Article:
It is not surprising, therefore, that food occupies an extremely important place in Odia creative arts, including its music. It is not uncommon to find reference to food in folk music around the world. But in Odisha, food gets a prominent place in not just the folk music, but its classical, semi-classical and modern popular music. Why, even devotional feeling often comes wrapped up with powerful symbols and craving for food/prasad of the Lord! In one of the most popular bhajans, Jagannathiara SriMahaprasda pagala kala re bhai, the lyricist actually proclaims that it is the love of the Lord’s prasad that made him rush to Puri, without any delay!
While that bhajan is not explicitly about food, there are many that are completely focused on celebration of food.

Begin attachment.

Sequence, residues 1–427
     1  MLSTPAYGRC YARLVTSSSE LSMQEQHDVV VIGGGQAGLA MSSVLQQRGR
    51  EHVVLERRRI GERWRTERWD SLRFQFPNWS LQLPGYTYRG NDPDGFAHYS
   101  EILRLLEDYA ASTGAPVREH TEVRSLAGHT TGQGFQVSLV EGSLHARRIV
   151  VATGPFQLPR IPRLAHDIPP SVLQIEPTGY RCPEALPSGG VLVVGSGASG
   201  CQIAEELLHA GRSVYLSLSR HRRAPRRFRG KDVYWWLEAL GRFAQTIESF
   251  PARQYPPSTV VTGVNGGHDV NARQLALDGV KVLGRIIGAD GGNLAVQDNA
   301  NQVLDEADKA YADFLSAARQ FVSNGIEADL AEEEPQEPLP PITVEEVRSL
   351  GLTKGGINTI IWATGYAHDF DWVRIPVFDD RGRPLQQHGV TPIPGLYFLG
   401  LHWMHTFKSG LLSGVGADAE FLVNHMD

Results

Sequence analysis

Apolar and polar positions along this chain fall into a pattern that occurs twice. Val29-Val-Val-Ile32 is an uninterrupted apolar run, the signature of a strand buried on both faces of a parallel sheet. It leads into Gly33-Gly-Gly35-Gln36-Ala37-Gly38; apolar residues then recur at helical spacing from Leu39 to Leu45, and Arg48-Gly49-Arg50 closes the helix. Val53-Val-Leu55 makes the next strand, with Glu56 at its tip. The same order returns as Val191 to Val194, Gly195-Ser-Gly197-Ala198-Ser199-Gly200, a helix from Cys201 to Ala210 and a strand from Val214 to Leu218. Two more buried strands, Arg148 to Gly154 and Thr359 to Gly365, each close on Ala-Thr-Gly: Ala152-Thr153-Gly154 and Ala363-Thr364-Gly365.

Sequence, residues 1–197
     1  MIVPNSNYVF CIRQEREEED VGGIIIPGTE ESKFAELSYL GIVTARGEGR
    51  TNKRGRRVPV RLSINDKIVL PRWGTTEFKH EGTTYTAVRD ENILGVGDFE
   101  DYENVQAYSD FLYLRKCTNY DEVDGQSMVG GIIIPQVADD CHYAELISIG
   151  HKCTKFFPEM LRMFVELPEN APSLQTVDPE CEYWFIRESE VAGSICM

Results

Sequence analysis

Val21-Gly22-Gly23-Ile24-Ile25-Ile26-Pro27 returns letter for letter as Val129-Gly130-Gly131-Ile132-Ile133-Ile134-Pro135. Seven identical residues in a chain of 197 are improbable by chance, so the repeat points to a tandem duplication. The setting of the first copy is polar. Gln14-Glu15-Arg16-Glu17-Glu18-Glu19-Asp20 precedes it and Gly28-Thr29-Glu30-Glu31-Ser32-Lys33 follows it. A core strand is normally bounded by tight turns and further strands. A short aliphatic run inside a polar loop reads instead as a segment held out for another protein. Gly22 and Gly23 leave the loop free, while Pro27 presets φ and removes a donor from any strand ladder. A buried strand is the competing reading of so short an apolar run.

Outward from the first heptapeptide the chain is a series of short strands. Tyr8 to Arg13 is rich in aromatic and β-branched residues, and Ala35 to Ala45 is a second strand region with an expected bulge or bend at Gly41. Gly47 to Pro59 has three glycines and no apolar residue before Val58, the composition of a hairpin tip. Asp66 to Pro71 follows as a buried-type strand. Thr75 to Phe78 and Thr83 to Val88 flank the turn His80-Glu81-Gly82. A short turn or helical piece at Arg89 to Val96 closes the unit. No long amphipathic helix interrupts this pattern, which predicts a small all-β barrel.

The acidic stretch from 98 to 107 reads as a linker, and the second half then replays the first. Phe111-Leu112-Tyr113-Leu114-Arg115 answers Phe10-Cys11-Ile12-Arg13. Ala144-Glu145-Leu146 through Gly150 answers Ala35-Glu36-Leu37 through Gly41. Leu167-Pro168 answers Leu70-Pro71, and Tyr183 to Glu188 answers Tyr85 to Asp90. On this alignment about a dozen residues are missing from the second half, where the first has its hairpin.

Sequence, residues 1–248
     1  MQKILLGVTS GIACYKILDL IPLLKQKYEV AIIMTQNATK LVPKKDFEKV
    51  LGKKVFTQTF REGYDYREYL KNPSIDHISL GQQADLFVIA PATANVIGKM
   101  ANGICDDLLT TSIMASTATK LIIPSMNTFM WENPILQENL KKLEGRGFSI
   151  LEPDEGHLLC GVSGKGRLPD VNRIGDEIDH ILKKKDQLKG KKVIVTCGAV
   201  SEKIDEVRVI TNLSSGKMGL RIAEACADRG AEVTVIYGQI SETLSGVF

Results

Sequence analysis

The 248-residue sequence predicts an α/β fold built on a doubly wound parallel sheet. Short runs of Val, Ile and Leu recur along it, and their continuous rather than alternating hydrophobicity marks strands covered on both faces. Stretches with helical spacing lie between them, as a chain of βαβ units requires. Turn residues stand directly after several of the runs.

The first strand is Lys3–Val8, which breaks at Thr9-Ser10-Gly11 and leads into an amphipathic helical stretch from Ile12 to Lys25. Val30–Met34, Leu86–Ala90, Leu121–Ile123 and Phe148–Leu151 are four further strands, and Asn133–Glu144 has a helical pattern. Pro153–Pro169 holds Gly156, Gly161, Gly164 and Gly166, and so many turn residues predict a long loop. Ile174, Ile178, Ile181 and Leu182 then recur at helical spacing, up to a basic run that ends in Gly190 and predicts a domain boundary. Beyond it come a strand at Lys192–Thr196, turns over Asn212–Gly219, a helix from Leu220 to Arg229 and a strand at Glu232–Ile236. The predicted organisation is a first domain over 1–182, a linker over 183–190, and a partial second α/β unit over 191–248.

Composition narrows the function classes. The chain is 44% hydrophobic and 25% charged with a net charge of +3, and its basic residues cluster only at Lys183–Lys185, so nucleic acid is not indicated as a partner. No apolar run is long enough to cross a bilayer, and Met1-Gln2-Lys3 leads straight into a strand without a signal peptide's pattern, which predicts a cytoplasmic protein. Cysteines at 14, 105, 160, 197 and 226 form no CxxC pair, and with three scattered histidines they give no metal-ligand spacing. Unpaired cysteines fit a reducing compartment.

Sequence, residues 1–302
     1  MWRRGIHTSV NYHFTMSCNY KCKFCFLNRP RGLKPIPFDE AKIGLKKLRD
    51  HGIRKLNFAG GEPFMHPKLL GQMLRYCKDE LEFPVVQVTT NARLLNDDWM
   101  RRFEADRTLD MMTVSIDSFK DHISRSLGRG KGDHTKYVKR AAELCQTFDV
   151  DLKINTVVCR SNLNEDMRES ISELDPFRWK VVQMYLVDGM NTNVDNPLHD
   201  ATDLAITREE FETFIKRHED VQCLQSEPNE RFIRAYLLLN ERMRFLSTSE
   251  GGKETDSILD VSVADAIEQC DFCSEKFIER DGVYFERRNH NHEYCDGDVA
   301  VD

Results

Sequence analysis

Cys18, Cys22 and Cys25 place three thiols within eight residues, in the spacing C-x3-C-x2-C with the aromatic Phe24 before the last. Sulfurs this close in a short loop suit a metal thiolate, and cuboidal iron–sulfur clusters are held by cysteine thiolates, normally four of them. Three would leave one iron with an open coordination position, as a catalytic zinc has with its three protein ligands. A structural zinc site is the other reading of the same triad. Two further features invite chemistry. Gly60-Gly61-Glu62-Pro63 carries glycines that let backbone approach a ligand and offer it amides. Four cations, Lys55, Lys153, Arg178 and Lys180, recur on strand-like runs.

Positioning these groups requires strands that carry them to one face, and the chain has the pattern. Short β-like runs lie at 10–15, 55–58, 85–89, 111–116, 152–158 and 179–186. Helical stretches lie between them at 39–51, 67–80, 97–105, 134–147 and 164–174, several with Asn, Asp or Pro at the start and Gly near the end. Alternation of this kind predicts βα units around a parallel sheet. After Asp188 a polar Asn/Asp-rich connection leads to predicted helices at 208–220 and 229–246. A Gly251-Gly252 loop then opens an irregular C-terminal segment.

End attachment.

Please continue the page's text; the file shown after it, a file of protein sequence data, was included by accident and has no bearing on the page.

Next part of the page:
Here is a look at some of the most popular among such songs. Many other songs would passingly mention food or use it as a metaphor. I have not looked for those ‘mere’ words but kept myself focused on what can really be called songs celebrating food. There are film songs, non-film modern songs, Odissi lyrics and bhajans focused on food.
So, here we go. The links are embedded in the song names.
Abadha Dali Kanika Ho Ananda Bazarre Patara Paka
This bhajan by Arabind Muduli is a celebration of abadha (though pronounced as abhada), the cooked prasad of Shri Jagannath.
Asa Jibana Dhana
The evergreen song written by Kavichandra Kalicharan Pattnaik in the voice of Pandit Balakrushna Dash, the father of modern Odia music, celebrates the most common food of Odias, pakhala.
Asa Kiese Jibare Ama Raja Ghara Khana
This is the Dakhini original from which lyricist Baikunth Nath Mohanty adapted the now popular Asa Kie Khaiba Ho. The song, sung by Gokul Mohanty, is a round-up of all Odia food traditionally associated with specific places in Odisha. So, if the government wants to apply for GI tag of the food items, the basic groundwork is done by the lyricist